This post was written by **Christine Soutendijk, M.D.* Dr. Soutendijk drew her inspiration to pursue preventative care from her grandmother, who "lived into her nineties with an excellent quality of life." She is passionate about helping patients improve their overall wellness through healthy living, getting appropriate screenings, and optimizing care of their chronic medical conditions. She also has a special interest in care for patients with osteoporosis, thyroid, and autoimmune diseases.*
February is Heart Month! It's a great time to stop and think about how we can protect our hearts. So, how can you do that? It's simple: Get up off the couch!
Heart attack, stroke and peripheral vascular disease – collectively known as cardiovascular disease -- can be prevented in many ways. While we often think about cardiovascular disease as a men's disease, it is actually the number one killer of women in the United States. Yes, number one! So we all need to think about reducing our risk. Refraining from smoking and eating a low-salt, low-fat diet are definitely important ways to help our hearts. But believe it or not, exercise is just as important. In fact, a sedentary lifestyle doubles one's risk for cardiovascular disease.
Right now you may be saying, "Oh, no- exercise! That sounds so hard," or "Gyms are so expensive," or, perhaps, "It's too cold out."
There are lots of reasons why you may not want to exercise, but it doesn't have to be so hard or expensive, and you don't have to get outside (if you don't want to!). It also can be fun!
Exercise has more benefits than you may think:
- Lowers the risk of dying from heart disease
- Lowers risk of stroke
- Lowers risk of getting diabetes; if you do have diabetes, exercise lowers sugars
- Lowers blood pressure
- Lowers cholesterol
- Exercise lowers harmful fats called triglycerides and increases helpful fats, called HDL, which protect the heart
- Lowers risk of colon cancer
- Decreases feelings of stress, depression or anxiety
- Helps with weight control- exercise burns calories when you are doing it, and even when you aren't by increasing muscle mass
- Helps build and maintain bones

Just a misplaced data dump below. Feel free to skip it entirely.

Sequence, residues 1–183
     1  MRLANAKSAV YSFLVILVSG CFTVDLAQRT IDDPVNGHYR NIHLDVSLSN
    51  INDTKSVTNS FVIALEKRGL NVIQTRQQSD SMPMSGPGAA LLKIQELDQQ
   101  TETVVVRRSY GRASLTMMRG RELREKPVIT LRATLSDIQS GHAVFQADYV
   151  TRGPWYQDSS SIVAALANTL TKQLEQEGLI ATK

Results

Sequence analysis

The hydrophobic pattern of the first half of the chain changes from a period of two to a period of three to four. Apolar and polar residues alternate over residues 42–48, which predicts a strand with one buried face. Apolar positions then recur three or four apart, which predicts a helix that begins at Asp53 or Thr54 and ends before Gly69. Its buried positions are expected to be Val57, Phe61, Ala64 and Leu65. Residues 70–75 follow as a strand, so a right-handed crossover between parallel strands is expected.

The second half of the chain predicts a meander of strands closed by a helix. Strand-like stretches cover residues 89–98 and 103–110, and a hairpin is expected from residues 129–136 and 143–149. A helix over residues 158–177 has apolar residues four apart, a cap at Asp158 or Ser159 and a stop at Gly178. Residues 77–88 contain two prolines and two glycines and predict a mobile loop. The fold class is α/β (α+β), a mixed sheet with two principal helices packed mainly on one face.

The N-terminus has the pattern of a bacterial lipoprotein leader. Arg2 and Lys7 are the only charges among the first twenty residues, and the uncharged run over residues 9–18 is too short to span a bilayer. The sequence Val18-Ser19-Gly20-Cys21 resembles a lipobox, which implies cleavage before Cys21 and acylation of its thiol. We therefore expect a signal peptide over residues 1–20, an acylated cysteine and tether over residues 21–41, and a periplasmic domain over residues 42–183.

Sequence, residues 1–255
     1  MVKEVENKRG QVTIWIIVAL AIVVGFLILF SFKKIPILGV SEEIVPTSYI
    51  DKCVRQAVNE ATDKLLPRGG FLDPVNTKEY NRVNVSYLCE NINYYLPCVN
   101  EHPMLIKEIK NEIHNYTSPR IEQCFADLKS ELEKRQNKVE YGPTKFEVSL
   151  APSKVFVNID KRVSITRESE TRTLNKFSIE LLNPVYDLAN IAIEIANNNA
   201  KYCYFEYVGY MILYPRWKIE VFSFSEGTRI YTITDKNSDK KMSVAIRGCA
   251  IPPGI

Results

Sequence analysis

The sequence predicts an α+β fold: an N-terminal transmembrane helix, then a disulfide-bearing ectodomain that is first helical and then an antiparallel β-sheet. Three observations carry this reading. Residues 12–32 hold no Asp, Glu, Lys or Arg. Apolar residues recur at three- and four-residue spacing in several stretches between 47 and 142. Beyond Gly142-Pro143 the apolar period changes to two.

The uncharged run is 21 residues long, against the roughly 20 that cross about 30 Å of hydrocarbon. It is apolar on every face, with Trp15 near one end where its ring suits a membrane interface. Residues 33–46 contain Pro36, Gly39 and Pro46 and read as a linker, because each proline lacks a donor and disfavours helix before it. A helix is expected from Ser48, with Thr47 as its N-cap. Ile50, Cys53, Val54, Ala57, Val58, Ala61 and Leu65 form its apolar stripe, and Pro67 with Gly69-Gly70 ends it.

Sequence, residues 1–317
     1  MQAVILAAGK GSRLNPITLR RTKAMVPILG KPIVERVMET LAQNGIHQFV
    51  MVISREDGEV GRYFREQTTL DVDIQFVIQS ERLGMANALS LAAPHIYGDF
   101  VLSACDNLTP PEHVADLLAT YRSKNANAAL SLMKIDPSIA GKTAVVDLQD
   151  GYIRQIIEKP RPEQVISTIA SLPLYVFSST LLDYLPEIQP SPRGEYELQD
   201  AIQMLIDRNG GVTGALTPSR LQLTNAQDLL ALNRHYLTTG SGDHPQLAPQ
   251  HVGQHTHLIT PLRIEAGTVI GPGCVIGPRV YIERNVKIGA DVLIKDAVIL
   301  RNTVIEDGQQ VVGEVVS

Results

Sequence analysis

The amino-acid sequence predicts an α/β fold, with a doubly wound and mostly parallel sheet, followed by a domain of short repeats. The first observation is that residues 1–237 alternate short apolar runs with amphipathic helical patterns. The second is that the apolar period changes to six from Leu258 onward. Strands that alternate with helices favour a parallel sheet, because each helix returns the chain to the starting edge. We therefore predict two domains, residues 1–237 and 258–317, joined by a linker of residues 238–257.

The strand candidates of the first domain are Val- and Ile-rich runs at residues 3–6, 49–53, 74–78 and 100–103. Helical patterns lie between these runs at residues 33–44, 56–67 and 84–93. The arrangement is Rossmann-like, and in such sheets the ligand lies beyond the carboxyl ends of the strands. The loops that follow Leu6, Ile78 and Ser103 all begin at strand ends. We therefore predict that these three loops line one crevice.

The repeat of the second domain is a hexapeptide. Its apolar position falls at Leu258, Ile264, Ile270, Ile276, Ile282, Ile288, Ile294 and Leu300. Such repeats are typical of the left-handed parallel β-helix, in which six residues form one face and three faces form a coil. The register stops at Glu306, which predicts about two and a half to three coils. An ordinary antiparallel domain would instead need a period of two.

- Helps older adults become stronger and avoid falls
- Improves circulation and exercise tolerance in those who have heart disease
"So, what kind of exercise should I do?"
It can be as simple as going for a walk. The amazing thing is many kinds of exercise can do the trick. Whether you are walking, jogging, dancing, or even hula-hooping; as long as you are moving, you can reap the benefits.
The United States Department of Health and Human Services and the Centers for Disease Control suggest that you try to get two different types of exercise – aerobic training- exercising large muscles for a period of time and getting your heart rate up- and strength or resistance training-exercising to strengthen individual muscles.
Examples of aerobic exercise would be walking, jogging, dancing, biking, using an elliptical machine, swimming or even hula-hooping. All are equally good for your heart, so pick what seems the most fun to you. And you can mix it up, trying different ways to get aerobic exercise.
Examples of strength training include lifting weights, using exercise machines, or doing exercises on the floor like sit ups or pushups. It is recommended to work on strength training twice a week, using all your muscle groups – including your stomach, back, chest, arms, shoulders, legs and hips. When using weights or machines, try to do 10 to 15 repetitions of each exercise.
And you don't need a gym for this! There are many inexpensive exercise videos that incorporate aerobic, strength and resistance training that you can do right at home.
A few tips:
Frequency is key! Exercise as often as you can, preferably five days a week for a total of 30 minutes a day (alternatively you could do 60 minutes, three days a week). If you can't exercise that often, do what you can. Something is better than nothing!
You do not have to do it all at once! It is just as helpful to walk for 10 minutes three times a day, as walking 30 minutes all at once.
Start low, go slow! Especially if you are not exercising right now, start with a short period of exercise and work your way up. Doing so decreases your risk of injury. For example, try walking for three minutes, then the next day five minutes, and before you know it, you will be at your goal of 30 minutes. To reap the benefits, you only need to work at a moderate intensity – such as with brisk walking (3-4 miles per hour).
I have described the minimum amount of recommended exercise that will give you health benefits, but what if you want to do more? Will you get more benefit? Yes! A study of female runners showed that the protective cholesterol, HDL, went up by .133 mg/dl for every kilometer run per week. But don't forget the "start low, go slow" adage. Increasing your exercise intensity or duration too quickly can cause injury.
If you have a history of heart disease or other conditions, talk to your doctor before you get started on any new exercise routine. Want to learn more? Attend Jefferson’s Heart Health Day at the King of Prussia Mall Saturday, February 27, 2016.